A Fish Story

In the past few years, eating seems to have become an ethical maze. Local? Organic? Low-carbon? Vegetarian? But almost everyone agrees that growing your own is a way of sourcing food that is good for your health, the environment (unless you’re pumping your garden full of toxic pesticides), and your pocketbook.

And increasingly, home food producers are turning into minifarms, supplementing their veggies with protein sources. In some cities, you can’t swing a cat without hitting backyard chickens producing brilliant-yolked eggs for their diligent caretakers.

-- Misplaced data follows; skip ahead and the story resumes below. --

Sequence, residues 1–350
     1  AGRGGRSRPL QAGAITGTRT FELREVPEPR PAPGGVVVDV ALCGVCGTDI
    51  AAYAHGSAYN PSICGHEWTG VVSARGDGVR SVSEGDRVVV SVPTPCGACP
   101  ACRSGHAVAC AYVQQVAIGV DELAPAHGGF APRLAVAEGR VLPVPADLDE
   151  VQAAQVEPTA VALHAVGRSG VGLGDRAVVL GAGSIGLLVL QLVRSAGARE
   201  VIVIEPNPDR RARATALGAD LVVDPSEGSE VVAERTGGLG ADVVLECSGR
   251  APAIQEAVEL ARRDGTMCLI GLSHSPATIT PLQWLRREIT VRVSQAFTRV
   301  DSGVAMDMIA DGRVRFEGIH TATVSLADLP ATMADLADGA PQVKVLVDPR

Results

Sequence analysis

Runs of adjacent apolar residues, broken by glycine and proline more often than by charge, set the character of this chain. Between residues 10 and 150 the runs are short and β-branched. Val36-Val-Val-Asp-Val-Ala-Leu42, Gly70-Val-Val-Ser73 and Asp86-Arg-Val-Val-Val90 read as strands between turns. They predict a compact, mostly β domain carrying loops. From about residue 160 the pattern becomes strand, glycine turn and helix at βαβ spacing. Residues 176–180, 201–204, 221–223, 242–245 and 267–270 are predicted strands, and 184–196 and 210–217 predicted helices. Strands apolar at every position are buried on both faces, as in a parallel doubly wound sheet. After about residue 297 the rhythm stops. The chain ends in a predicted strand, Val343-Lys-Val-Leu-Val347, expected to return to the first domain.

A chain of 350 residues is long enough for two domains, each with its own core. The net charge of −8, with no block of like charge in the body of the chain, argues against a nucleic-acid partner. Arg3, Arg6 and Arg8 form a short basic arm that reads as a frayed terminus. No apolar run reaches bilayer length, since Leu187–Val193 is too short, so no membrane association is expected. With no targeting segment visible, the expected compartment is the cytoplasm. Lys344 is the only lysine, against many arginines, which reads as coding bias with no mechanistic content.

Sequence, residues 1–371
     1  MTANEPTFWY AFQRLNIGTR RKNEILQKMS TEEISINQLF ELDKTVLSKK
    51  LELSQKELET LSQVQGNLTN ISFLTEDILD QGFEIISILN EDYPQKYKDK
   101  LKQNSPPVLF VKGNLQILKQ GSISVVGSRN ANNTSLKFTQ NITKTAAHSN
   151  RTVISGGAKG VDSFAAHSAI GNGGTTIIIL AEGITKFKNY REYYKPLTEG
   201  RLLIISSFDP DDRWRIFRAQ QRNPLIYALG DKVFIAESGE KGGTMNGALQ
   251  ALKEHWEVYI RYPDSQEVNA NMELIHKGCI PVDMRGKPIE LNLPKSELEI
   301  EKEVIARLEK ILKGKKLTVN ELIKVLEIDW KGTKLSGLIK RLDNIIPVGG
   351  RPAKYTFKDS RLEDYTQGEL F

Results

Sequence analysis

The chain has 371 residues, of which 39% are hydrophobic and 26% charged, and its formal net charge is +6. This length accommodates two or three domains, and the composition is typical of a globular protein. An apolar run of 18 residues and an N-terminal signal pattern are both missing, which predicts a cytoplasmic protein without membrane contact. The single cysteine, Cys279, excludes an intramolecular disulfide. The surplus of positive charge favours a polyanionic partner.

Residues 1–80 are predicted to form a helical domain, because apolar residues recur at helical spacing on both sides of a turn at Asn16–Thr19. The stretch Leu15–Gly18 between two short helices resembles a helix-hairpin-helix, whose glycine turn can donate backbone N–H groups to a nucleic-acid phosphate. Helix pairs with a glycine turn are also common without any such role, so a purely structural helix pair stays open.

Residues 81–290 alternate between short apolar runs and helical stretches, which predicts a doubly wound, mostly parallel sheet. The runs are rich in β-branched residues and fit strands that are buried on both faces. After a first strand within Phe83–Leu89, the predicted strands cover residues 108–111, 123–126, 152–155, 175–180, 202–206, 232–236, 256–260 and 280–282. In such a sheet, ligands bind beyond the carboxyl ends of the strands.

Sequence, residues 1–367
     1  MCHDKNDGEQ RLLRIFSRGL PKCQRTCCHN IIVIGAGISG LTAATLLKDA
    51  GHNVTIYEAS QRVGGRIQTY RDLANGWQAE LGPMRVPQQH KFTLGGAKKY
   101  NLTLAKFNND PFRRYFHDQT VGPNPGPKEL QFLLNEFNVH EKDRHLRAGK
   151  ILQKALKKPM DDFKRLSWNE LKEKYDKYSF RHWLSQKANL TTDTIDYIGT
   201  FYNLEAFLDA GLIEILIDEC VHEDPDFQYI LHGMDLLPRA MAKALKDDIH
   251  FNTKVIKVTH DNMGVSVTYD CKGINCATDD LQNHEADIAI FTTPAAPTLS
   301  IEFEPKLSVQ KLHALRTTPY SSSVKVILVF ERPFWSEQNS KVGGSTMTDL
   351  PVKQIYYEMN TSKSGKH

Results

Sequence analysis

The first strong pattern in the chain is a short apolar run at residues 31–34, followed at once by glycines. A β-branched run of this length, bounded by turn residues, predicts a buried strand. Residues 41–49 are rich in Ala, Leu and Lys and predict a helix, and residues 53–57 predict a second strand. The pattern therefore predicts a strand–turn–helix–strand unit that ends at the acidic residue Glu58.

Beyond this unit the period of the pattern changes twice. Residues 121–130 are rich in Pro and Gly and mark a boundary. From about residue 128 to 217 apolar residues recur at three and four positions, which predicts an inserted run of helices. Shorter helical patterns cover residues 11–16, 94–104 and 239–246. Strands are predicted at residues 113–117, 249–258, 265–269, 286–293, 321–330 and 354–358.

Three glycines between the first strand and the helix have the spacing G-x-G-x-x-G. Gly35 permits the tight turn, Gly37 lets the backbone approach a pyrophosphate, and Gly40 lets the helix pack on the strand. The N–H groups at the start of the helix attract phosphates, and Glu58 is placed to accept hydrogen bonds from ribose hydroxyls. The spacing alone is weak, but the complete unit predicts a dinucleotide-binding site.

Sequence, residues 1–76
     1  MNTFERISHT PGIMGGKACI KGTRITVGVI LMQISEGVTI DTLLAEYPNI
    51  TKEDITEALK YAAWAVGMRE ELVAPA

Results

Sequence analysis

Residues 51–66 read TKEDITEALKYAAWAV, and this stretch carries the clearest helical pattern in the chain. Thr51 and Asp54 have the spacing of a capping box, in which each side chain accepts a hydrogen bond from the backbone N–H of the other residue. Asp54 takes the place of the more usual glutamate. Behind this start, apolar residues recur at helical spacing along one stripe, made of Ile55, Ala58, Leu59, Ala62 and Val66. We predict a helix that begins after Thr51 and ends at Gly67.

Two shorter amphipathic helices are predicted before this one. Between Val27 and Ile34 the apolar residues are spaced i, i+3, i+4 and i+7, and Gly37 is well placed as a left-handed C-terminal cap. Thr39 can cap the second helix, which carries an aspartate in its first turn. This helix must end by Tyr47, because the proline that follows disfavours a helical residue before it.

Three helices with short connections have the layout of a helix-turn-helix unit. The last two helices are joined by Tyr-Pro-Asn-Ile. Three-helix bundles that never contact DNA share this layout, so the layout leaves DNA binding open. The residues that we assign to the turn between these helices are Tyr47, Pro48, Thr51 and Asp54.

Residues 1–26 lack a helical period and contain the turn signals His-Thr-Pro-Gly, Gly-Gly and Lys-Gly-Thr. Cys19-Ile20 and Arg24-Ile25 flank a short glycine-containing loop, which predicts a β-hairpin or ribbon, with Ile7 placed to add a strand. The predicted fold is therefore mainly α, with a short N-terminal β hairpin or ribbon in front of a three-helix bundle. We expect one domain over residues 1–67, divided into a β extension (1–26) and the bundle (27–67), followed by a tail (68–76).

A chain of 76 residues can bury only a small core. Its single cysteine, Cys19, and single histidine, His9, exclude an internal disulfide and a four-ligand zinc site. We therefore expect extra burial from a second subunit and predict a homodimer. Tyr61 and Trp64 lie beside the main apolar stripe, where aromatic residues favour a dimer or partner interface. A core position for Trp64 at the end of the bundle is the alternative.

But some are ranging beyond the hen and using a technique that merges aquaculture (fish farming) with hydroponics (a soil-free method of growing crops). Enviro-news source TreeHugger.com reports on aquaponics, a system in which the waste products from a tank of fish are pumped into gravel grow beds that contain food plants. The fish waste breaks down into fertilizers, and the plants filter the water, making it safe to pump back into the fish tank. Aquaculture fans say that the system uses only about 10 percent of the water used by traditional fish-farming methods. In a world where water is becoming increasingly scarce, that’s impressive.

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